So I put the photos up on the projector- photos of weeds in the sidewalk, photos of empty storefronts and trash piled in the breezeway. Heads nodding. Knowing glances. No objections. No excuses. If anything, there was some disappointment that they hadn’t done better already.
This was not what I had anticipated. Usually, someone from the crowd will say that I am not being fair, or offer up the excuse- that they couldn’t force a property owner to tend to their building or make a business to take care of their windows. There is almost always an objection to what is simply a photo. Not in Defiance. They saw the reality and accepted it without complaint.
I explained that what I saw out there on the street was actually pretty incredible and that Defiance should be proud, but I also reiterated that almost everyone will come and tell you what’s good. But getting a pat on the back isn’t always what we need. It’s important to celebrate your accomplishments, but just as much, you gotta be real about your shortcomings.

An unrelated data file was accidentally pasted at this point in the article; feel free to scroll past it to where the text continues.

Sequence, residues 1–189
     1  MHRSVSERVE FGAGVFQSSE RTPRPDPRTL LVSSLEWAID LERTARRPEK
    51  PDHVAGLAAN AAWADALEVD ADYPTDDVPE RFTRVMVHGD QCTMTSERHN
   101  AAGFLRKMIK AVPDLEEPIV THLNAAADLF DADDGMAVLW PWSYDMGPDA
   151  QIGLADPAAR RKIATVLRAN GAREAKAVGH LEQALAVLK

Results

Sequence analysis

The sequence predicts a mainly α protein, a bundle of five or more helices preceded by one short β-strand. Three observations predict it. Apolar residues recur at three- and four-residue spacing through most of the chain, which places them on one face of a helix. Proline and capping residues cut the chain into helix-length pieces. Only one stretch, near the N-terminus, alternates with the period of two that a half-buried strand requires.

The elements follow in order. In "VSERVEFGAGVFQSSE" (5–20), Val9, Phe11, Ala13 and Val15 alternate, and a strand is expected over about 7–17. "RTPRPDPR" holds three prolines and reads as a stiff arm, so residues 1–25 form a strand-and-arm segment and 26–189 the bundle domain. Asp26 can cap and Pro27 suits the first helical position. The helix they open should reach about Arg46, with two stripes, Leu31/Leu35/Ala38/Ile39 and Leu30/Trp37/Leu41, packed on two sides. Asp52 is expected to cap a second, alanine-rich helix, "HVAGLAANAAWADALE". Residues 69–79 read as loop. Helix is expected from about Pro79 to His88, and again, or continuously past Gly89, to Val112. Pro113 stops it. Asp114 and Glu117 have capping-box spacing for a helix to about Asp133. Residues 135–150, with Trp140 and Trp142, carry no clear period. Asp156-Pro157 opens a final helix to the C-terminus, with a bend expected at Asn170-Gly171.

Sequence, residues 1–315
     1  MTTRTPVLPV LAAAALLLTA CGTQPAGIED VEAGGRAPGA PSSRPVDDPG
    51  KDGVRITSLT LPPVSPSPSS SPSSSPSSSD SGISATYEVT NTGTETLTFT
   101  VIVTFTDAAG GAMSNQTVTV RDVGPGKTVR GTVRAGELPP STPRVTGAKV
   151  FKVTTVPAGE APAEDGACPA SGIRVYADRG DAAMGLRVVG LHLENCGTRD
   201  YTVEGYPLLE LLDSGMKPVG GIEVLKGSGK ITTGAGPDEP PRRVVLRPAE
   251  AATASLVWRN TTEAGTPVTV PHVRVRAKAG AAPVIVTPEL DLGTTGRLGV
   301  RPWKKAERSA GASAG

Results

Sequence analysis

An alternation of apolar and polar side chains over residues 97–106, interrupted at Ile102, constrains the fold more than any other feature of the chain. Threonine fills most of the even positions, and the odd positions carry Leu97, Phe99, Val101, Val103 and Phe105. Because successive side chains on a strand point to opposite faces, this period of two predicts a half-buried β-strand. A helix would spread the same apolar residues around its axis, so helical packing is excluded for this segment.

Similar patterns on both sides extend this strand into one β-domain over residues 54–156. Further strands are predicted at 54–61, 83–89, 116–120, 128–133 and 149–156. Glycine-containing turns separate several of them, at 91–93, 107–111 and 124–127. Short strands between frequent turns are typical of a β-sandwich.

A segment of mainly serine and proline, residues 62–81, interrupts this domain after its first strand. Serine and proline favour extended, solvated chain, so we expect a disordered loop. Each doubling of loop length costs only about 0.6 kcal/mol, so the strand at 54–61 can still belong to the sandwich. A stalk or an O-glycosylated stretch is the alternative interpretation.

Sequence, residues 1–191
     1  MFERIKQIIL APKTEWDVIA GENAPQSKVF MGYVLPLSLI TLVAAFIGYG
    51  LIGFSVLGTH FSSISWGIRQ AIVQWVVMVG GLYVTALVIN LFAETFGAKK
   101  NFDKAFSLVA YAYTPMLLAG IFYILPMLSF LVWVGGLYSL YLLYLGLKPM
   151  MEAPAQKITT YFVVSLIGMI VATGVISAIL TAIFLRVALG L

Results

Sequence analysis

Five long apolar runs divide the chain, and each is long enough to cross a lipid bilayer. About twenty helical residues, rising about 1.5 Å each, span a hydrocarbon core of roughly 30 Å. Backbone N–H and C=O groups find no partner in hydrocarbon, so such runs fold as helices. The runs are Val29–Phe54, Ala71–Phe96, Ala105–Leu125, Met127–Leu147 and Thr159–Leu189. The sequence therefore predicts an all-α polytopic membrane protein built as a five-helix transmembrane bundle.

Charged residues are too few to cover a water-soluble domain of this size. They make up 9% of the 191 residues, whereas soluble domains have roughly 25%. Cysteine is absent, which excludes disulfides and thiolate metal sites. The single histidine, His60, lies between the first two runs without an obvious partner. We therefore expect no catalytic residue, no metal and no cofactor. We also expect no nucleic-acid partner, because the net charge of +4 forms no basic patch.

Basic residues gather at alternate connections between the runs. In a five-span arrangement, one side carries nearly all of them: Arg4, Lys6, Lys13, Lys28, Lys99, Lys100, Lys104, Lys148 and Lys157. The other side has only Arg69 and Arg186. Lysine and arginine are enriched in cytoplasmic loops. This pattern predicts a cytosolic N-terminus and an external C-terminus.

The more I do this work, the more I see myself as a kind of civic counselor, talking a community through their problems and providing simple, matter of fact solutions. Not the technical stuff- because we all know there are plenty of firms out there that can provide that- because these problems aren’t technical, they are human problems. The issues towns struggle to overcome are more often emotional than anything else. We don’t need to rethink everything, we simply need to talk about what’s not going so well. If you went to your counselor or your doctor and told them everything was okay… well, you would be wasting a visit and an opportunity. You wouldn’t get the answers you need because you are afraid of letting someone see what’s really going on. Not to mention that you would also be wasting time and money, essentially creating even more problems with your tactics.